NIST Upgrades Widely Used Database of Molecular ‘Fingerprints’

When scientists need to identify an unknown compound, they do what a police detective might do. They get fingerprints—in this case, the “molecular fingerprints” of the unknown compound—and run them through a database of fingerprints from known suspects to look for a match.

One of the world’s largest and most widely used databases of molecular fingerprints is the NIST Mass Spectral Library, and that library just got larger still. On June 6, NIST added fingerprints from more than 25,000 compounds to the library, bringing the total number to more than 265,000.



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This library contains fingerprints of organic compounds—a class of carbon-containing molecules that exist in an endless variety, both natural and man-made.

“This library is used by scientists and engineers in virtually every industry,” said Stephen Stein, the NIST chemist who oversees the Mass Spectral Library. He rattled off just a few uses: diagnosing medical conditions, conducting forensic investigations, identifying environmental pollutants and developing new fuels.

“And anything having to do with food,” he said, since the taste of a food is determined by the complex mixture of organic molecules within it. “The flavor and fragrance industries live and die by this stuff.”

In this 1948 photo, a NIST staff member operates an early mass spectrometer. Credit: NIST


To generate the molecular fingerprint of an organic compound, scientists put a sample of the compound into a laboratory instrument called a mass spectrometer. In the most common practice, that instrument heats the sample to vaporize it, then shoots it with a beam of high-energy electrons. That causes the molecules to break into electrically charged fragments, which the instrument separates based on their weight, or mass.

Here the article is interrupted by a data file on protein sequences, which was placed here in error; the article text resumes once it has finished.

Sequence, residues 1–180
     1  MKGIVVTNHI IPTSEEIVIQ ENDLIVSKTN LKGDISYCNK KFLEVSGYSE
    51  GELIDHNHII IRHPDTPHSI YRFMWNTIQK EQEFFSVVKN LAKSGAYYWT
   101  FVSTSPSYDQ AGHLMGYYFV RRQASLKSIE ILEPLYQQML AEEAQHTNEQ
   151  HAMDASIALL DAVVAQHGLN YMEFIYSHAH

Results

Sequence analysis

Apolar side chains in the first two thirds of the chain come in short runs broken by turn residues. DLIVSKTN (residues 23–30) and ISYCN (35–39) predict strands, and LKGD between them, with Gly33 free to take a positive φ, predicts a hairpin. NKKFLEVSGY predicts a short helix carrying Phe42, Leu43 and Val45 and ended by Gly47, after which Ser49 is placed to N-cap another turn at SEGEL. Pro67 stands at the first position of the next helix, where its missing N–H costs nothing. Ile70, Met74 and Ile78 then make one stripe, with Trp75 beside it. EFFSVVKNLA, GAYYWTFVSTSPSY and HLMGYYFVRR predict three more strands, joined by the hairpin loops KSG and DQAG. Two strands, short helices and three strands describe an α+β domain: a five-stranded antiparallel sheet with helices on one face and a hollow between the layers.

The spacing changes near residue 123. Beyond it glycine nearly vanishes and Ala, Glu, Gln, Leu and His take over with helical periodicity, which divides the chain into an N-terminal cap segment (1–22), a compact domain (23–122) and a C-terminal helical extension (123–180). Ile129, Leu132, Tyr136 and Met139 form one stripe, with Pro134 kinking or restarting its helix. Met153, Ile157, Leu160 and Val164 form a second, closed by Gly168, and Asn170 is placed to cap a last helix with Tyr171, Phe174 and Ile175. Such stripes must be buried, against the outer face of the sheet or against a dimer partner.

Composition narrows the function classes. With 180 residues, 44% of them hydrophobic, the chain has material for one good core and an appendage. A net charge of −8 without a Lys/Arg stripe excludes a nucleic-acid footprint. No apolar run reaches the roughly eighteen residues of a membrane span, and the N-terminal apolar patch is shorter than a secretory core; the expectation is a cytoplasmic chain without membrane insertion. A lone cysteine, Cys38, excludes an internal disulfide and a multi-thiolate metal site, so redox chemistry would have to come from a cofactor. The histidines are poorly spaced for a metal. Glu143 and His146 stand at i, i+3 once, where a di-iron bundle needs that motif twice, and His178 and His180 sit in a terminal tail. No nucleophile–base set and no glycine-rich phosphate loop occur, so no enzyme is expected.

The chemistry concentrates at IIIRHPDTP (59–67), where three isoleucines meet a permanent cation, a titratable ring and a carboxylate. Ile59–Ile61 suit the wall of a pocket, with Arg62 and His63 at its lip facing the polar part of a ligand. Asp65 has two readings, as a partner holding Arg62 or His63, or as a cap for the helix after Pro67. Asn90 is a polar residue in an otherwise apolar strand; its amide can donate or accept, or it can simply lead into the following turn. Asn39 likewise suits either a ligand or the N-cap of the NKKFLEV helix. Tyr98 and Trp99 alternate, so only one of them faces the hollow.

When you line up the fragments in order of their mass-to-charge ratio, you get the molecule’s distinctive “mass spectra,” which looks like a barcode and functions like a fingerprint.

The number of organic compounds in the world is astronomical, and any database can only hope to capture a tiny fraction of them. So Stein and his colleagues have to focus on the compounds they think are most important.


The mass spectrum for the synthetic opioid, fentanyl. The mass spectrum is like a molecular fingerprint, and is used to identify unknown compounds. The red lines represent the charged fragments of the molecule created during analysis. The vertical axis shows the relative intensity, or amount, of each fragment, while the horizontal axis shows the mass-to-charge ratio for each fragment. Credit: NIST


Among the important compounds whose fingerprints are included in this upgrade are many dangerous drugs. These include dozens of synthetic cannabinoids—aka “synthetic marijuana”—which can cause psychotic episodes, seizures and death. Also included are more than 30 types of fentanyl, the synthetic opioid that is driving an epidemic of overdoses nationwide.

Having the fingerprints of these compounds in the Mass Spectral Library will help law enforcement and public health officials fight the spread of these new and dangerous substances.

NIST has released the latest version of the Mass Spectral Library, and the software needed to run it, to more than 60 distributors that bundle the data and software into mass spectrometry instruments. Owners of existing instruments can also download the latest version from distributors online.

The NIST Mass Spectral Library is actually several libraries, each covering a variation of the basic analytical method. The library that covers a technique called tandem mass spectrometry has expanded by more than 65 percent the number of compounds covered. For more information on the various libraries and software tools, check out NIST’s Mass Spectrometry Data Center.

NIST has been publishing it’s Mass Spectral Library since 1989. To ensure that the data in that library is accurate, NIST scientists apply a very high level of quality control. “It’s a very specialized activity, and nobody else does it at the level and scale we do,” Stein said.